Culture At Large

Smartphones and salvation

Nathan Bierma

If you believe, as I do, that smartphones are some of the most powerful idols of our time (my iPod touch is the closest thing I've ever had to a golden calf), then Microsoft's recent smartphone commercial is striking for its salvific rhetoric. After a humorous montage of people whose attention to their smartphones causes a series of slapstick mishaps, the ad proclaims, "It's time for a phone to save us from our phones."

How will Microsoft's phone save us? The end of the ad explains that the phone is so fast that we can resume living real life sooner. A faster phone will mean people will use it less. Do you follow that logic?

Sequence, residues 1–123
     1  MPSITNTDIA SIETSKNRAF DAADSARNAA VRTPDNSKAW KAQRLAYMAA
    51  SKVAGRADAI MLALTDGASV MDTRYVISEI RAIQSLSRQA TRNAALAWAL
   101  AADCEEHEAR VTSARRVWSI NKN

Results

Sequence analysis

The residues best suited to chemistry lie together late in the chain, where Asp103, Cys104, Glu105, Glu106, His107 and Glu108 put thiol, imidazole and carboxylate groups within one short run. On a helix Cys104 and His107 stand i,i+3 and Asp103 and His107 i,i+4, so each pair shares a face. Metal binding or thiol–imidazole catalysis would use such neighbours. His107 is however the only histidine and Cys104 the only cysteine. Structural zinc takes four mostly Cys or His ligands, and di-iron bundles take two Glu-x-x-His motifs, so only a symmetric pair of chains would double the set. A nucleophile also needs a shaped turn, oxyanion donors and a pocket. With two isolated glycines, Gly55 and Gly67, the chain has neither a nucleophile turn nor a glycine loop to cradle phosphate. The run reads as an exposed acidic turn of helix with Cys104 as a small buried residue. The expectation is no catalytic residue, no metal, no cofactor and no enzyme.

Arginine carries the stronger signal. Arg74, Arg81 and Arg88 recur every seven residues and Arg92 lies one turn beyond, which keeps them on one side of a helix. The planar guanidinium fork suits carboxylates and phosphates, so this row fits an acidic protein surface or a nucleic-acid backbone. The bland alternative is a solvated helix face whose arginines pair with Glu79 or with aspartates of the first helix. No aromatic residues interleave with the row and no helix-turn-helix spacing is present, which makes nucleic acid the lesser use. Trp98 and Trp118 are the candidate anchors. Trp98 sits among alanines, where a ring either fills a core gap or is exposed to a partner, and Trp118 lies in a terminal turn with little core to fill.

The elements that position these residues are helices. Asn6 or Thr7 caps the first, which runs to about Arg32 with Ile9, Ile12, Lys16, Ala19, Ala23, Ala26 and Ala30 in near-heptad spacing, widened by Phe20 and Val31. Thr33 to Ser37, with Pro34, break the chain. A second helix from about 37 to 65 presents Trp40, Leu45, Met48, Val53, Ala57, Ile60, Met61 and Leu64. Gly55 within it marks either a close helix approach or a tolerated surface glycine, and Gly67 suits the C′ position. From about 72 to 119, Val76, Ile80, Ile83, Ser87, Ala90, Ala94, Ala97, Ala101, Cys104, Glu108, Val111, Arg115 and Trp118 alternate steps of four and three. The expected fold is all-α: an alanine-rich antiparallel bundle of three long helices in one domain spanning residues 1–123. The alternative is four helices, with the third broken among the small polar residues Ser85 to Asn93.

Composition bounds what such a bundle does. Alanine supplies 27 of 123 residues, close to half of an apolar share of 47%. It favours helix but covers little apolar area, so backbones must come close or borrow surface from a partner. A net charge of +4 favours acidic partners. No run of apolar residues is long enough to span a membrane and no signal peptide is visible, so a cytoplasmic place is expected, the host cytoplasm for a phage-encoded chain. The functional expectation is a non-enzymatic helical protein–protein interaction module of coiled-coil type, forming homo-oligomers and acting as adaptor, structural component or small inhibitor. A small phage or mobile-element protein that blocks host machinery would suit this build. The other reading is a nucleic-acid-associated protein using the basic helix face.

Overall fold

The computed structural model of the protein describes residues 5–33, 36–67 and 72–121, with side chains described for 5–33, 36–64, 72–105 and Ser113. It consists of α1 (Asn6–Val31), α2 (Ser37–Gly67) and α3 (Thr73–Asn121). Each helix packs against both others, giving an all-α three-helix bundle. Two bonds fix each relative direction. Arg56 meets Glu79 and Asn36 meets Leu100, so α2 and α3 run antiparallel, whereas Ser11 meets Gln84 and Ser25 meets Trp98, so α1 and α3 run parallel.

The more plausible way for this phone to save us from our phones is that, since it's made by Microsoft, the product will inevitably be so faulty, buggy and unpleasant that people will vow never to use a smartphone again.

In any case, one rule about idols is that you should never trust an idol that says, "Oh those other idols - they're just idols. I'll save you from them."

Confession time: Are you willing to share your own story about the moment you realized your smartphone had crossed over into idol territory? Do you place restrictions on yourself to prevent this from happening? And is this a problem technology itself can solve, as Microsoft suggests, or is it simply a matter of being intentional about powering down?

Topics: Culture At Large, Science & Technology, Technology, Gadgets